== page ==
But the significance of the nests goes beyond this. When logging companies recently started rounding in on the prized timber of the region’s Dipterocarp forest, a team spearheaded by Robert Basuik set out to protect the area. Together with the Forestry Department of Sarawak, the World Conservation Society and the local Iban, they carried out surveys, counting nests to prove this was a crucial orangutan habitat. Their efforts resulted in the creation of the 34,000-acre Sungai Menyang conservation area, between the reservoir and the upper Delok River. It was a vital move, especially as Batang Ai is now the last remaining viable orangutan habitat in the state of Sarawak.
It was good news, too, for the rest of the forest’s residents, which includes 200 species of bird, from yellow-eared spider hunters to red-crowned barbers, as well as bearded pigs, horned deer, civets and reticulated pythons — though I’m in no rush to meet these. Instead, I spy fruit bats hanging from a riverside cave, tarantula nests, pigtailed macaques and several of the eight different species of hornbill that reside in Batang Ai. The walking, though, is the real highlight, taking us through glassine rivers, silent valleys and dense jungle. Indeed, to call it the Red Ape Trail is something of a misnomer, as any evidence of a clearly marked trail seems entirely absent at times. Instead, our Iban guides use their knowledge of the jungle to forge a way through, hacking down six-foot ferns and persistent palms with long machetes to create a path where previously there was none. At other times, we use tree roots and bamboo shoots to clamber up and down steep slopes. With the humidity high, it makes for sweaty going and demands a certain level of fitness from the walker. But regular breaks, peppered with tales of the forest and the Iban’s customs, make it a fascinating adventure.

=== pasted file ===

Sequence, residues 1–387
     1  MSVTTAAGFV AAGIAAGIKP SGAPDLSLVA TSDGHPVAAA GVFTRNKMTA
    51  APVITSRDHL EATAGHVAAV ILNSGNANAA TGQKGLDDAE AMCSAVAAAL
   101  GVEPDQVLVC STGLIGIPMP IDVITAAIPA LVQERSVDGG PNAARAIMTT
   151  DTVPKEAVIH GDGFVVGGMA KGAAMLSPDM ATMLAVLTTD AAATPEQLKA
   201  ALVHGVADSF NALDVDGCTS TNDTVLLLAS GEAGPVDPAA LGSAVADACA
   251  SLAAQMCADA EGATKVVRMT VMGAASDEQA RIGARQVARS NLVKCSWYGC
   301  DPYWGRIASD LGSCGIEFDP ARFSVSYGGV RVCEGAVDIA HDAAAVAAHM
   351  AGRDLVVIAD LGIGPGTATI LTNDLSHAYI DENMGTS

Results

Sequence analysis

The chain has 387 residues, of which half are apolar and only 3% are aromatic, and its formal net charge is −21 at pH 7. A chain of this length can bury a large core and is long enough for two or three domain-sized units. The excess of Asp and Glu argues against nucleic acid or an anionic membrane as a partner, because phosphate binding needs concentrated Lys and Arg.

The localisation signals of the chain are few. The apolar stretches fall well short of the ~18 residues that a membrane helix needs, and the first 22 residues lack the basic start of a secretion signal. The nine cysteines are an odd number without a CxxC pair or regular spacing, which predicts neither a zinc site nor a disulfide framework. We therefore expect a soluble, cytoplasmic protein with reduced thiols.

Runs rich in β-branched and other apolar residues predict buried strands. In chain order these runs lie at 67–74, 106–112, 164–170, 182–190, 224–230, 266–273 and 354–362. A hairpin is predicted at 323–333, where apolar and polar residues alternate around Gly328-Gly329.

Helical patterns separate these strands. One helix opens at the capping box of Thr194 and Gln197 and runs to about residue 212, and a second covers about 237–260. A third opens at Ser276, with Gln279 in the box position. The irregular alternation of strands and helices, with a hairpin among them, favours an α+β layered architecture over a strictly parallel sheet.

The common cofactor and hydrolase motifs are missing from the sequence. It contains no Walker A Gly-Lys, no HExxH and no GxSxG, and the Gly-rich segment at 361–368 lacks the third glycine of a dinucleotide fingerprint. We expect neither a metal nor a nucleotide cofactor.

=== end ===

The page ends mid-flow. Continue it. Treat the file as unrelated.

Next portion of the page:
Each night, as evening falls, we return to camp, muscles aching and heads filled with the day’s exploits. We sit at long wooden benches, staring out at the mist rising over the river, listening to the jungle start up its nightly song. With candles flickering on the tables, dinner arrives and we fill our hungry bellies, before retiring for the night. With all this excitement, it seems to matter little that the orangutans remain elusive. We spy evidence of their existence everywhere, from nests and discarded fruit on the forest floor, to ripped palm shoots, which the animals tear apart to reach the hearts. The Red Ape Trail is over, but the adventure is not yet finished. After a night back at Nanga Sumpa, with a trip to swim in the refreshing waters of Enseluai waterfall, we board a longboat once again for the journey back.
The going is smoother this time and calmer than the way in — there’s no need for the Iban to use their long wooden poles to push us up river, or get out to push when the boat drags along the river’s floor. Suddenly, the calm is broken by a rustle in the trees. Our guides have spotted an orangutan, a female with at least one, possibly two, infants in tow. From the boats, we sit and watch as the apes move from tree to tree, a tiny face at one point clearly visible, staring back at us inquisitively. Of course, they would be here: basking beside the cool, shaded waters of this mighty waterway, that has helped shape this landscape for centuries. While we toiled and tired on the Red Ape Trail, all this time, they were sitting beside the Batang Ai, hiding in plain sight.